By Rupert Read
When I was at university, I took part in a debate. I spoke in favour of the motion, 'Patriotism is the last refuge of the scoundrel.'
Twenty years on, little has changed. For instance, I took no pleasure in this summer's Olympics: the naked jingoism of the media coverage, even that of the (supposedly 'objective') BBC, made the whole thing too painful to bear. I didn't necessarily want some British bloke I had never heard of to beat a skilful sporting opponent from another nation. Why should I 'support' someone, just because they are British? Isn't it a bit sad to feel happy if someone who you have never met beats someone else you have never met (but who has a foreign accent) at Synchronized Underwater Weightlifting?!
You could call me an internationalist. And an internationalist surely cannot be a nationalist. And yet, some of my cultural heroes call themselves 'patriots': Billy Bragg, in Britain; Michael Moore, in America.
And when I was campaigning in the Council elections, this June, I noticed something that surprised me: Many of the houses which were flying St. George's England flags (the elections took place about the same time as the 'Euro 2004' Soccer competition) were also sporting posters for one political party or another, including (indeed, especially) my own Party, the Greens.
That made me stop and think: Perhaps those people who identify with their country are not narrowly nationalistic? Perhaps many patriots are people who really care about their locality, and about their whole world, too.
Why else would it be that people supporting their national soccer team were also supporting political parties, parties trying to change things in a positive way? Maybe the reason why there were England flags and party-political-posters hanging from the same windows was that the same people who cared enough to shout for their country also cared enough to shout for the Party that they believed would make that country better. But then the following worry came to me: is Britain really a force for good in the world?
Next week, Norwich will be joining in the celebrations of 'Battle of Britain Week'. What is this event really for? Is it for the remembrance of past heroism? Or is the reason that our rulers fund events such as this that it helps them to justify present-day atrocities and illegalities? In the run-up to the attack on Iraq, in 2002-3 just as in 1990-1, we were often told that Saddam was 'a new Hitler'. This was silly propaganda: Hitler led the most powerful armed forces in the world, whereas Saddam's army was a pitiful remnant only. But invoking the ghost of the Second World War seemed to help Blair and Bush 'justify' their illegal war of aggression.
When the British Army is illegally occupying and subjugating another people, having first blasted many tens of thousands of those people to their deaths, some of us may find it hard not to feel ashamed of our country. It is hard to have any enthusiasm for the flag, when that flag has far too often thoughtlessly been waved - in our name - over the bodies of dead foreigners.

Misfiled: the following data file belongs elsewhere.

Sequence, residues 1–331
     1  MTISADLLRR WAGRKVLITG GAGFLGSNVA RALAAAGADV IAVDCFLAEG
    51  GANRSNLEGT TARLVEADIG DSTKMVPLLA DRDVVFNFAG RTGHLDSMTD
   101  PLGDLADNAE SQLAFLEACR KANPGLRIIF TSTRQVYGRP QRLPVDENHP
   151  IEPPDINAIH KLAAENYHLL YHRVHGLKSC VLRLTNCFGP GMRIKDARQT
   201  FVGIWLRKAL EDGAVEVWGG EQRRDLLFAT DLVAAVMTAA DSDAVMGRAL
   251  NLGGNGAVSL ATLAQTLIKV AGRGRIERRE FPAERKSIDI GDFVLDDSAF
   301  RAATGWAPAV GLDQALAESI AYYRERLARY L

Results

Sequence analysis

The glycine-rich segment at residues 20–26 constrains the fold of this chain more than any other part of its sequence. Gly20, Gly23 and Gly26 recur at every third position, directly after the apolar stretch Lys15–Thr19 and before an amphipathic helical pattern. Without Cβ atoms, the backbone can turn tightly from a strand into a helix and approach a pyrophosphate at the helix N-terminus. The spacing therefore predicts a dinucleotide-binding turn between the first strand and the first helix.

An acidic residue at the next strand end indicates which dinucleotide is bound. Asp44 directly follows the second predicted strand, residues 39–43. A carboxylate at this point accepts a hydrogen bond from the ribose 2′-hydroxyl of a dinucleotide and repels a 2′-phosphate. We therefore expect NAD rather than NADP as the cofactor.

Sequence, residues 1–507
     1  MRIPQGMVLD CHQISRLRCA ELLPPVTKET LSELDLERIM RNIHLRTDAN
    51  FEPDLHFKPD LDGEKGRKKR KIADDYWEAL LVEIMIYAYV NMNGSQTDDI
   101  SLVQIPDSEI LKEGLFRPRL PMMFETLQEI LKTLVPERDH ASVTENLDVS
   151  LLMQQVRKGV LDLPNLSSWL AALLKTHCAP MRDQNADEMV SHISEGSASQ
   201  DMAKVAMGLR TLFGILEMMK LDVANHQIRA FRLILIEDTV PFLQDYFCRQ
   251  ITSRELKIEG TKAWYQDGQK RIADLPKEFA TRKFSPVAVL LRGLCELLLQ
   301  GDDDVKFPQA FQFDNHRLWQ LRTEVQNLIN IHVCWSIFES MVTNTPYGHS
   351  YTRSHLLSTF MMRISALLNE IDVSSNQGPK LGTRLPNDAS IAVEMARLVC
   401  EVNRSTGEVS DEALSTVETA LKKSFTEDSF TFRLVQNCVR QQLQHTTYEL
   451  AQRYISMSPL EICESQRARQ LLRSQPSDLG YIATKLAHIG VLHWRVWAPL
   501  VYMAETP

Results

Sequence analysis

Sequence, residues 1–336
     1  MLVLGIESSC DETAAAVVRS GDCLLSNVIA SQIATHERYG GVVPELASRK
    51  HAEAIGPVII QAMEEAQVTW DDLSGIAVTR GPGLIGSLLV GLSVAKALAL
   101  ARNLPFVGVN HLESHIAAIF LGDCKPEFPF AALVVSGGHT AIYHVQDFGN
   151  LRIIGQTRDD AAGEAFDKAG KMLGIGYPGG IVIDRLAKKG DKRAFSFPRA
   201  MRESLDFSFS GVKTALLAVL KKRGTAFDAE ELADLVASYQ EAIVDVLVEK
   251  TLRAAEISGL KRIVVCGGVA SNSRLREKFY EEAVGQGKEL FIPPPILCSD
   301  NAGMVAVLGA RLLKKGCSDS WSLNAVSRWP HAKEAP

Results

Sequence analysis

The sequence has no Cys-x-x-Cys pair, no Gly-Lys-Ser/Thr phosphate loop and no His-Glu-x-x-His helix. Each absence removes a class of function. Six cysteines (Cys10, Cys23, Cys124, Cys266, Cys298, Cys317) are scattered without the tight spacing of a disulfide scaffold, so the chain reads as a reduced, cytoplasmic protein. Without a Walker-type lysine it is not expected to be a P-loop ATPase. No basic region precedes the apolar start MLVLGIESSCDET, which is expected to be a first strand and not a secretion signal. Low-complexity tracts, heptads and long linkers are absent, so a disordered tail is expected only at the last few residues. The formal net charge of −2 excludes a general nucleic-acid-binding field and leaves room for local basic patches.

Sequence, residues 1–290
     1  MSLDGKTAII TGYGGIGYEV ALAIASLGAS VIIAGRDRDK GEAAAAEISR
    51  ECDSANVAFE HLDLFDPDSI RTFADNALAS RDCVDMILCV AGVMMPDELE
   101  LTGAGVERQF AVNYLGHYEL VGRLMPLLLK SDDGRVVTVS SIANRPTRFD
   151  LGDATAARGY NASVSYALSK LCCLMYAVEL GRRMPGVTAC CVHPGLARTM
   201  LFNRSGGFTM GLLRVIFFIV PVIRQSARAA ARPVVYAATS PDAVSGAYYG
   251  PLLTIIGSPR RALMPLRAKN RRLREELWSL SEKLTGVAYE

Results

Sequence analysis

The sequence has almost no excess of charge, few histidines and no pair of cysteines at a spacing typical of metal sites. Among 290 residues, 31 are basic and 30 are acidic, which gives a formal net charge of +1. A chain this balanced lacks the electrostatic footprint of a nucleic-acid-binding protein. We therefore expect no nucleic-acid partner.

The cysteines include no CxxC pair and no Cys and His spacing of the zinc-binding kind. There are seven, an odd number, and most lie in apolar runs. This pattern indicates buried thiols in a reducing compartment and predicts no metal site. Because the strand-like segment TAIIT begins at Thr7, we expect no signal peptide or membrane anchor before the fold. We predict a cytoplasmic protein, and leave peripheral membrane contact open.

We humans need community. But too often, patriotism doesn't give us any real community. Instead, it gives us only a mythical sense of belonging, a sense that can then be exploited by unscrupulous leaders.
So I am still unsure. Does patriotism always lead to perdition? Or is it only that the worst scoundrels - such as the 'leaders of the free world' - use and abuse patriotism, to try to get away with murder? Is the problem really with the way that politicians and Generals twist love of country so that it turns into hate for certain foreigners?
It cannot be right to say, "We should not speak against war, when our troops are fighting", if what they are fighting in is an immoral war. It cannot be right to say, "My country right or wrong". That kind of disgraceful attitude is exactly what led to Hitlerism - and more recently, in the US, to the appallingly authoritarian 'Patriot Act' (introduced as a response to the events of September 11th 2001) which virtually abolishes free speech and 'habeas corpus'. Would a true patriot support the destruction of the very liberties for which the people have fought so hard, the very liberties that make one's country truly worth defending?
So: is being a patriot nevertheless quite compatible with being someone who cares about their neighbourhood, and about the planet as a whole?
Given the number of people who are keen to call themselves 'patriotic', we should hope that the answer is 'Yes'. Who knows; maybe one day, when patriotism is identified not with being a 'Little Englander' but with one's country doing the right thing the world over, then it will be easy for everyone to be proud of being British.